While South African business owners scramble to mitigate the devastating economic impact of coronavirus and an extended national lockdown, marketing teams have to adjust quickly to a radically altered business and communications landscape.
During the lockdown, we have seen remarkable – and unexpected – email open rates (outperforming what is experienced during the annual Black Friday shopping bonanza month of November), indicating that consumers are both highly receptive and attentive at this time. For marketers, it’s imperative to harness this unexpected window of opportunity by keeping up the momentum with thoughtful, well-crafted messaging across multiple channels.
Importantly, while consumers are already feeling the economic pain induced by Covid-19, their day to day needs are unlikely to change much. However, for marketers, the brand conversations and value propositions placed before them must be adjusted and tailored. By leveraging smart digital messaging tools and data-driven insights during the crisis, marketers can reach consumers in an affordable, impactful way, at scale.
The capacity to do so, of course, depends on how marketing teams and leaders adjust their existing strategies and budgets to cope with the unexpected shock of the pandemic. During the lockdown, we have observed interesting behaviour from marketers sitting within businesses that cannot operate virtually. Some marketers are ‘hoarding’ marketing communication spend until after the lockdown when consumers are more able to act upon their calls to action. Other C-suite executives are ‘banking’ the budgeted marketing expense to put a band-aid on the haemorrhaging of lost income – thus leading to an abrupt discontinuation of marketing communications.
SA is tuned in
Yet such a halt on messaging makes little sense when assessing how responsive and engaged many consumers are at this time. Indeed, in terms of consumer attention within the context of direct messaging, engagement rates are phenomenally high.
There are various potential reasons for this, such as: there are fewer messages competing in inboxes; consumers are more open to communication whilst working remotely; many temporarily economically displaced consumers have discretionary time available to spend reading messages; or consumers’ entertainment and social time (out of home) has been clamped down on and they now have more time to read messaging via digital channels.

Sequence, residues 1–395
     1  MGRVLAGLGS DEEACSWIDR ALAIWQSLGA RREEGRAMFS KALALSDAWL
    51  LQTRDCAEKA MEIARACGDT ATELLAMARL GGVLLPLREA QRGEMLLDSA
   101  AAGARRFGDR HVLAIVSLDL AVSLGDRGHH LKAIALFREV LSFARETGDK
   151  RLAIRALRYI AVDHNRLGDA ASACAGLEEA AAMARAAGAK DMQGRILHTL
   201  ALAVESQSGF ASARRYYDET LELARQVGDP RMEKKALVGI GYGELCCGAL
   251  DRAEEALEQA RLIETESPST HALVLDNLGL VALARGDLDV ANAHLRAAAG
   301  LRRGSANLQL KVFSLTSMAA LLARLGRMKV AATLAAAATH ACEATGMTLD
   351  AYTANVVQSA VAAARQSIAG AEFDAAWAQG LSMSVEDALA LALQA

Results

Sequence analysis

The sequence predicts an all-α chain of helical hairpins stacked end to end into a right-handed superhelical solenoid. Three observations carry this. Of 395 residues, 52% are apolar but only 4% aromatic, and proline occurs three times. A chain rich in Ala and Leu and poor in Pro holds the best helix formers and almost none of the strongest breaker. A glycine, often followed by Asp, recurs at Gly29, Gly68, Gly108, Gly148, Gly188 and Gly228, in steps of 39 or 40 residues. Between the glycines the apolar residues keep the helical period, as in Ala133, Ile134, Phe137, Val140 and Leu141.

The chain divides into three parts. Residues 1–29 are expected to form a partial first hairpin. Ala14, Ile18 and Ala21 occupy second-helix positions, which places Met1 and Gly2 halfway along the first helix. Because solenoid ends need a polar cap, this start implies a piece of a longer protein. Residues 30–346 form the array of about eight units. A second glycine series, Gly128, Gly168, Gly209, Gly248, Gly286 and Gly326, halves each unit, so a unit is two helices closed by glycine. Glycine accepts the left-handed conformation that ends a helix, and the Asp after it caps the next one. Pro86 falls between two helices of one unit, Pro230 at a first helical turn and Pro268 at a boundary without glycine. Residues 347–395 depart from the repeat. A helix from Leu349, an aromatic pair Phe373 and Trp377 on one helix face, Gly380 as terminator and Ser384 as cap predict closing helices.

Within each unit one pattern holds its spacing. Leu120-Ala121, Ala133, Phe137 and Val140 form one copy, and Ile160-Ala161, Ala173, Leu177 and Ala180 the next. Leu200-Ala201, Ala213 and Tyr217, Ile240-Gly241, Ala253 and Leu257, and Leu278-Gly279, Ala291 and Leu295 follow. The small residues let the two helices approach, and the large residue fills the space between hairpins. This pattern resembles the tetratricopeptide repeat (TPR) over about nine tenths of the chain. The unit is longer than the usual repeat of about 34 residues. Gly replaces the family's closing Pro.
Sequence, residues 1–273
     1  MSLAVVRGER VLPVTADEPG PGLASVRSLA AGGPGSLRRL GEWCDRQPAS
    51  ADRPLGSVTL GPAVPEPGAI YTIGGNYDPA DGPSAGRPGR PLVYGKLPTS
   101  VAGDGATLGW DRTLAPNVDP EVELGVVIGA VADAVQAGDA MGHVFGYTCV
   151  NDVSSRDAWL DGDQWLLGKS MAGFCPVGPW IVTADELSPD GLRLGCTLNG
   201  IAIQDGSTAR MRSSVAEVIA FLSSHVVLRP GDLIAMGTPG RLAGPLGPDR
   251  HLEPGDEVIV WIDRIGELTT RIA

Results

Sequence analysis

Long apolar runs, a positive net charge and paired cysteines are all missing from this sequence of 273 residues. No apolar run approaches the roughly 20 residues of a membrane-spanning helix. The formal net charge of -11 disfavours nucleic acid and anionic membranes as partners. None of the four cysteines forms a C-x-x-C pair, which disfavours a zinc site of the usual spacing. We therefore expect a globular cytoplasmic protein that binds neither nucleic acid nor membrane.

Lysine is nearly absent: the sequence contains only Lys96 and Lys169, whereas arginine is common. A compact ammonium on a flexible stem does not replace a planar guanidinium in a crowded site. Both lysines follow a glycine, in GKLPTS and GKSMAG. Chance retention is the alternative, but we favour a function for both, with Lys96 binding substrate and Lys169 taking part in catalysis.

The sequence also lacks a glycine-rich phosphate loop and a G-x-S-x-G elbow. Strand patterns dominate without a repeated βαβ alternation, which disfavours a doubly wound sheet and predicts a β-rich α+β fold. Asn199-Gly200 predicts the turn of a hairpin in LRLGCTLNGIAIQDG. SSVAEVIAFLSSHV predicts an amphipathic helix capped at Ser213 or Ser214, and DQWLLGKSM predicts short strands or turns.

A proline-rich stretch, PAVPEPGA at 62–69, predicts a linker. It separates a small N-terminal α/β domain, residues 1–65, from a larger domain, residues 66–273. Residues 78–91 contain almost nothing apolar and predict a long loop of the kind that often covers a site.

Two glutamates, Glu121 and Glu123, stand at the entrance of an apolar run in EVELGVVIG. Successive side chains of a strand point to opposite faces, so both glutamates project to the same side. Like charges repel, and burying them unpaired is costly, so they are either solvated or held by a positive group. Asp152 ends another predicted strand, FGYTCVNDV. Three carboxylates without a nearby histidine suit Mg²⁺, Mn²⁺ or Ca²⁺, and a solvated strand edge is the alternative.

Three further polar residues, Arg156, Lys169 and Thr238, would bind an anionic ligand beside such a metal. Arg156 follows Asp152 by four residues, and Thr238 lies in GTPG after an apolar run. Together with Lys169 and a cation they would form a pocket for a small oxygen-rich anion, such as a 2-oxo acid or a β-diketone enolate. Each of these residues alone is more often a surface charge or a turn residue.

Arguably, a combination of these factors could be triggering the high engagement levels during a turbulent period. As South Africa’s leading multi-channel bulk and automation-drive messaging platform, the scale of Everlytic’s data offers a holistic perspective. Email open rates are 26.95% higher during lockdown compared to the Black Friday month of November 2019 – whereby marketers staggered their offers across the month last year, and the click rate registers 6.38% higher during lockdown.
With this unique ‘lockdown context’ in mind, what should marketers do from here?
Plotting the way forward
In a time of radical uncertainty, we can look to tried and tested models for some possible answers and future scenarios. Game theory, for example, is the science of strategy – and contains some valuable nuggets for marketers in this context. In essence, it is the study of mathematical and logical models that identify dominant strategies amongst strategic decision-makers. (It is also universally applicable, and can be used to determine the best communication strategy going forward).
The following is called a pay-off matrix. This very simple example has two clear strategies available to competing marketers: send or don’t send.
The numbers inside the matrix simply represent basic outcomes: 0 = no benefit or disadvantage, 1 = benefit, and -1 = disadvantage.
This simple table shows that when you consistently send well-crafted and valuable messages throughout the lockdown (whilst your competitors don’t), you reap a disproportionate share of consumer attention – and the engagement with your messaging is unopposed by competitors. You therefore both have a benefit, as well as your competitors being further disadvantaged due to the loss of traction for their brand.